8.  Never fail to fail

There are seldom a shortage of ideas for how to address any challenge in a school.  The difficult part is often choosing the right one.  The challenge is choosing the right one, the one that is the best fit for your school.  Unfortunately, often the only way to know is to try something and see how it works.  If it doesn't, you can either adjust or try something totally new.  In order to do this, and do it comfortably, schools need chances to set promotion goals and think in terms of getting better.

Unfortunately, schools are often faced with fear of failure.  There are certainly always going to be some discomfort associated with failure, but of all the places or institutions in the world at which learning from the past is critical, schools should be at or near the top.  Avoiding failure leads to prevention goals and focusing solely on being good.

There is a place for both types of thinking and both types of goals in schools.  The trick is knowing which is most appropriate for establishing and nurturing a culture of innovation.  If you are only prevention/be good minded, then you will choke innovation.  If you want and need innovative thinking, allow for promotion/be better thinking.

These are just a few thoughts about innovation in schools, and I am sure you may have your own separate ideas and/or stories related to school innovation.  Feel free to comment below and share your own ideas about sparking innovation in schools.

Wednesday, February 15, 2012

Square Peg/Round Hole

Square Peg in a Round Hole
image found at http://www.stuartduncan.name/wp-content/uploads/2011/05/square_peg_in_round_hole_2-300x225.jpg

It is possible to fit a square peg into a round hole.  School leaders do this all the time, especially when trying to implement an idea or program that appears to have a large potential benefit and seemingly low cost.  In other words, the peg appeared round before we started playing with it.

Now that you see the peg is square, there is pressure to make it fit.  To do so, you have a few options.

Option 1:  Hammer the peg until it squeezes into the hole.
Sure, this may get the peg in the hole, but at what cost?  More than likely the peg will still stick out (it will still be obvious that it isn't the best fit), you will have damaged the peg (it will not resemble the nice one you thought you were going to play with), you will have damaged the hole (now, your school is also wounded), and there are still gaps between the idea and the issue.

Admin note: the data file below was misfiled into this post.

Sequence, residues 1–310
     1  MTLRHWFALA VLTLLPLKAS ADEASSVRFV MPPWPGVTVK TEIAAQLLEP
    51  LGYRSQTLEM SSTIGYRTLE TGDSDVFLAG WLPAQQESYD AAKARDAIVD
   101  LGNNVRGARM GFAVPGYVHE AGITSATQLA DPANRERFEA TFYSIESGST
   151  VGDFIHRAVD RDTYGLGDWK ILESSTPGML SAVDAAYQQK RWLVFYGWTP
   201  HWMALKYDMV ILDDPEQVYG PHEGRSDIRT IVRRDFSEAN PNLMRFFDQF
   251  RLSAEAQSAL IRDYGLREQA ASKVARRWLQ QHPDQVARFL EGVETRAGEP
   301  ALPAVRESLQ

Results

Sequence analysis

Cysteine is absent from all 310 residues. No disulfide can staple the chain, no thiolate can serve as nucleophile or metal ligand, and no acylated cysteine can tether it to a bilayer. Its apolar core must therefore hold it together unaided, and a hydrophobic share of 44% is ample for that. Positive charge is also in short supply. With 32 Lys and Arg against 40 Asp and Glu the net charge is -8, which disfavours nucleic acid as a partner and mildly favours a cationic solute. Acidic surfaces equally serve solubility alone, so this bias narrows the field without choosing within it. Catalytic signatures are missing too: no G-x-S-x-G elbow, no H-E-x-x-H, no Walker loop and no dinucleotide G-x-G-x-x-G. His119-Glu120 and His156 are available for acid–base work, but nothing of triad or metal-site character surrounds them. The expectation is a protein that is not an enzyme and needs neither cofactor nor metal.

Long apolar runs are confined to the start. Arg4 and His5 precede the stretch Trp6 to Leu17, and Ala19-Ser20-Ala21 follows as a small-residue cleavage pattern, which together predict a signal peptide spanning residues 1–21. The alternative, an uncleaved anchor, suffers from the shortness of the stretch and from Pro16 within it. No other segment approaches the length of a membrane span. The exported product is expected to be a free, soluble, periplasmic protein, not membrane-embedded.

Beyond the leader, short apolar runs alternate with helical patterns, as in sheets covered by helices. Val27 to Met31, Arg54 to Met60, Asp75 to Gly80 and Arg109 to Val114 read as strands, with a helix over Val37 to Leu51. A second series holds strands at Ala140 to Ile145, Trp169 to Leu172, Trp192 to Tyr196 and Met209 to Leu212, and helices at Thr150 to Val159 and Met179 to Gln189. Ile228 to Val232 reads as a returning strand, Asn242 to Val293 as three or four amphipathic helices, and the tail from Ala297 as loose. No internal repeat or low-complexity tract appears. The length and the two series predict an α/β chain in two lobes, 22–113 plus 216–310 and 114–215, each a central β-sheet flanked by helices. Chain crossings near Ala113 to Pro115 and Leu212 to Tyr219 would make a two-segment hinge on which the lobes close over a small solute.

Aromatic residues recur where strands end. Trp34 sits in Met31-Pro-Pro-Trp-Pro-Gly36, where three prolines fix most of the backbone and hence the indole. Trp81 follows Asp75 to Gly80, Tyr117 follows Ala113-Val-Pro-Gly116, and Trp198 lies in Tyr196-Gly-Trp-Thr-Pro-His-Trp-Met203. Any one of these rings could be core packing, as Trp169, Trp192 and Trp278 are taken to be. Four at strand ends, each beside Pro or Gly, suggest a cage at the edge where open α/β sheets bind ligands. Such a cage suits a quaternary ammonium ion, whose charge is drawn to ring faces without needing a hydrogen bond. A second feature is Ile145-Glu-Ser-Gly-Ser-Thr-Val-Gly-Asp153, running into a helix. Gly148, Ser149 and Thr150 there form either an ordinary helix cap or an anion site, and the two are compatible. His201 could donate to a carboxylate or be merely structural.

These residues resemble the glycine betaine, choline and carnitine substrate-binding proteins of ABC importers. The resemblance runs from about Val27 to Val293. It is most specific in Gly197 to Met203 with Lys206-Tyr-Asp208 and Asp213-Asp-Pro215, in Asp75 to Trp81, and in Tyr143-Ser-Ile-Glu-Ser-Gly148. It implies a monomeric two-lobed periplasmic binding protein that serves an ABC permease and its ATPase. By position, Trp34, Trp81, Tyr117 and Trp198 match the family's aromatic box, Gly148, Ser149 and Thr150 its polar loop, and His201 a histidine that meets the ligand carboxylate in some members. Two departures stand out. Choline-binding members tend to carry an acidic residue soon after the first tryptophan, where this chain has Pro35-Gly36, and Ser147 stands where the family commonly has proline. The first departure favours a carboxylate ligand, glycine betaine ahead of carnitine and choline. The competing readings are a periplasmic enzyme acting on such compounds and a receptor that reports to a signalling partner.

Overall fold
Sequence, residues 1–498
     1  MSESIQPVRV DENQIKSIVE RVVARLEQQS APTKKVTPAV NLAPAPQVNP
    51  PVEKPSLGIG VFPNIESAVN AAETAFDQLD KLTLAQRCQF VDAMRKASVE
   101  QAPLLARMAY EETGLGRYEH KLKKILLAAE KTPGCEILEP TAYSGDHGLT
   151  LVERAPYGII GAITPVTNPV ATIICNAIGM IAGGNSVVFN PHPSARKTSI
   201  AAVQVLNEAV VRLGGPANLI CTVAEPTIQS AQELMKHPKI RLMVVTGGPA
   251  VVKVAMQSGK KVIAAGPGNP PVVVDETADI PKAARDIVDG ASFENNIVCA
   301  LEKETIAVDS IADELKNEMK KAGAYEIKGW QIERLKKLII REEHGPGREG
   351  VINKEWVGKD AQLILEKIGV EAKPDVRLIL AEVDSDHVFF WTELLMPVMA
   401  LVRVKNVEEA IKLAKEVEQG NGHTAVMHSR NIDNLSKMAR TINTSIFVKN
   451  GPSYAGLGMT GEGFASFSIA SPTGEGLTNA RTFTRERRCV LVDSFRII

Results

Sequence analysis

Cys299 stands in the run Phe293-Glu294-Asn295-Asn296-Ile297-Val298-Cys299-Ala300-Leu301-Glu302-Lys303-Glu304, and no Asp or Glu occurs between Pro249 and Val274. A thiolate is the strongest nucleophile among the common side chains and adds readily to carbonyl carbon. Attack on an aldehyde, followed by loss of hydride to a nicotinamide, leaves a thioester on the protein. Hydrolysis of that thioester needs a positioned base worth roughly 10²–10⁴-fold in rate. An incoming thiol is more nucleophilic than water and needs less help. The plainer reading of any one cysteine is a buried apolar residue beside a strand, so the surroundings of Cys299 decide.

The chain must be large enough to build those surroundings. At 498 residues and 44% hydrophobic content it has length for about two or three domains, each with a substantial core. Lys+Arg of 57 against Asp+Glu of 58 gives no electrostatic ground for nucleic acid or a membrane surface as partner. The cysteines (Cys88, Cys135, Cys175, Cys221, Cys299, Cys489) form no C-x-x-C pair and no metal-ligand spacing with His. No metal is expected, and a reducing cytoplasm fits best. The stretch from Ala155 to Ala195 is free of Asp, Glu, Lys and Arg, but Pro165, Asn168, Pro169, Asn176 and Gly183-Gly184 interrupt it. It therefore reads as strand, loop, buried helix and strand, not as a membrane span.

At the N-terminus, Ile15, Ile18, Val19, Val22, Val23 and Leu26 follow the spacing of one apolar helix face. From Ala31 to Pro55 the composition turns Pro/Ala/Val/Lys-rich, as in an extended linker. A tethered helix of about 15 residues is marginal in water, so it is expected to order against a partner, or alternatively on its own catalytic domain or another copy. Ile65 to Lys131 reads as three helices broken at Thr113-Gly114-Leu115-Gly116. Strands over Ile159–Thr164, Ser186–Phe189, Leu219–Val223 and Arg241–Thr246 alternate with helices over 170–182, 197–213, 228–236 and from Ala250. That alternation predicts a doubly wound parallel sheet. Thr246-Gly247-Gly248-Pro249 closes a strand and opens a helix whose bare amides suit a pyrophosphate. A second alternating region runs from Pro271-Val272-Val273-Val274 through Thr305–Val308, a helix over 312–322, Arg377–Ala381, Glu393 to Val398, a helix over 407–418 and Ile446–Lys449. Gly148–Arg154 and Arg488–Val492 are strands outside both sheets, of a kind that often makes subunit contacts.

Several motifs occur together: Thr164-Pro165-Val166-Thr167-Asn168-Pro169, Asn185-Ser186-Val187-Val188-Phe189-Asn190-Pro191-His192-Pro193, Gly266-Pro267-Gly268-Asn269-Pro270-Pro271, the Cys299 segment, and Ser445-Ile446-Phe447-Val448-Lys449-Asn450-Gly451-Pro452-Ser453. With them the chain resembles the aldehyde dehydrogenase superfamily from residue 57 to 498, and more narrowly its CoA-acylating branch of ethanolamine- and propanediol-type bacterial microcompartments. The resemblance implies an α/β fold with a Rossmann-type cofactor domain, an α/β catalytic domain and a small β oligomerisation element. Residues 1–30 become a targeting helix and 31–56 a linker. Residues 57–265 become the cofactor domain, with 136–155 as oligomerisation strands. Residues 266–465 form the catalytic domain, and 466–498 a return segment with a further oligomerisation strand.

Option 2:  Drill a bigger hole.
This option implies expanding the criteria for using the peg to a point where it fits into the issue without needing to use brute force (option 1).  However, the hole is bigger because you have permanently altered its appearance and you cannot ever go back, the peg is now in the hole, but the gaps are still obvious and likely larger than before.

Option 3:  If you like the square peg, find a square hole
Ok, you REALLY believe this idea has potential.  Maybe you were just using it for the wrong issue.  Assemble the team and see if an adjustment in placement may help.

Option 4:  Round the peg
Now, you take the peg (program) and permanently change it to fit the hole (issue).  Of course, it will never resemble the square peg you started with and, unless you sand it down well, may have a rough surface and be slightly distorted.  Again, not a perfect fit, but certainly less obvious.

Ultimately, most of us hate to admit we made a mistake or that we may need to abandon what seemed like a good idea, but a bad fit is a bad fit.  Even if the square peg fits into the round hole, you'll need four small semi-circle pieces to fill the gaps.  Now where one solution was sought, you have five ideas trying to "fit the bill."

Somewhere there is probably a better fit (idea, program, etc.) seeking a school just like yours.

Better yet, be innovative, tap into the collective wisdom of your team, and develop your own program (peg) that is custom made for your school.

Tuesday, February 14, 2012

Take Five: My 5 Best/Most Popular Posts in One FREE eBook

One of the most enjoyable parts of writing this blog is seeing which posts get either the best responses or most views.  When I began writing The Art of Education, I wasn't sure what response I would get or how many readers would visit.  Today, I am overwhelmed by the tens of thousands of readers who have visited in such a relatively short period.

As a "Thank you" to all who have spent time here, I have created a free eBook (available as a .pdf file), Take Five: the Best and Most Popular of The Art of Education, volume 1.

Take Five, volume 1 is a compilation of my five most popular blog posts as of  the end of January, 2012.  Topics covered in Take Five, volume 1 include: the 3 pillars of a student-centered culture, what school administrators should say daily, the "evolution" of education, identifying who should do the "heavy lifting" in your school, and why some people resist technology integration in schools.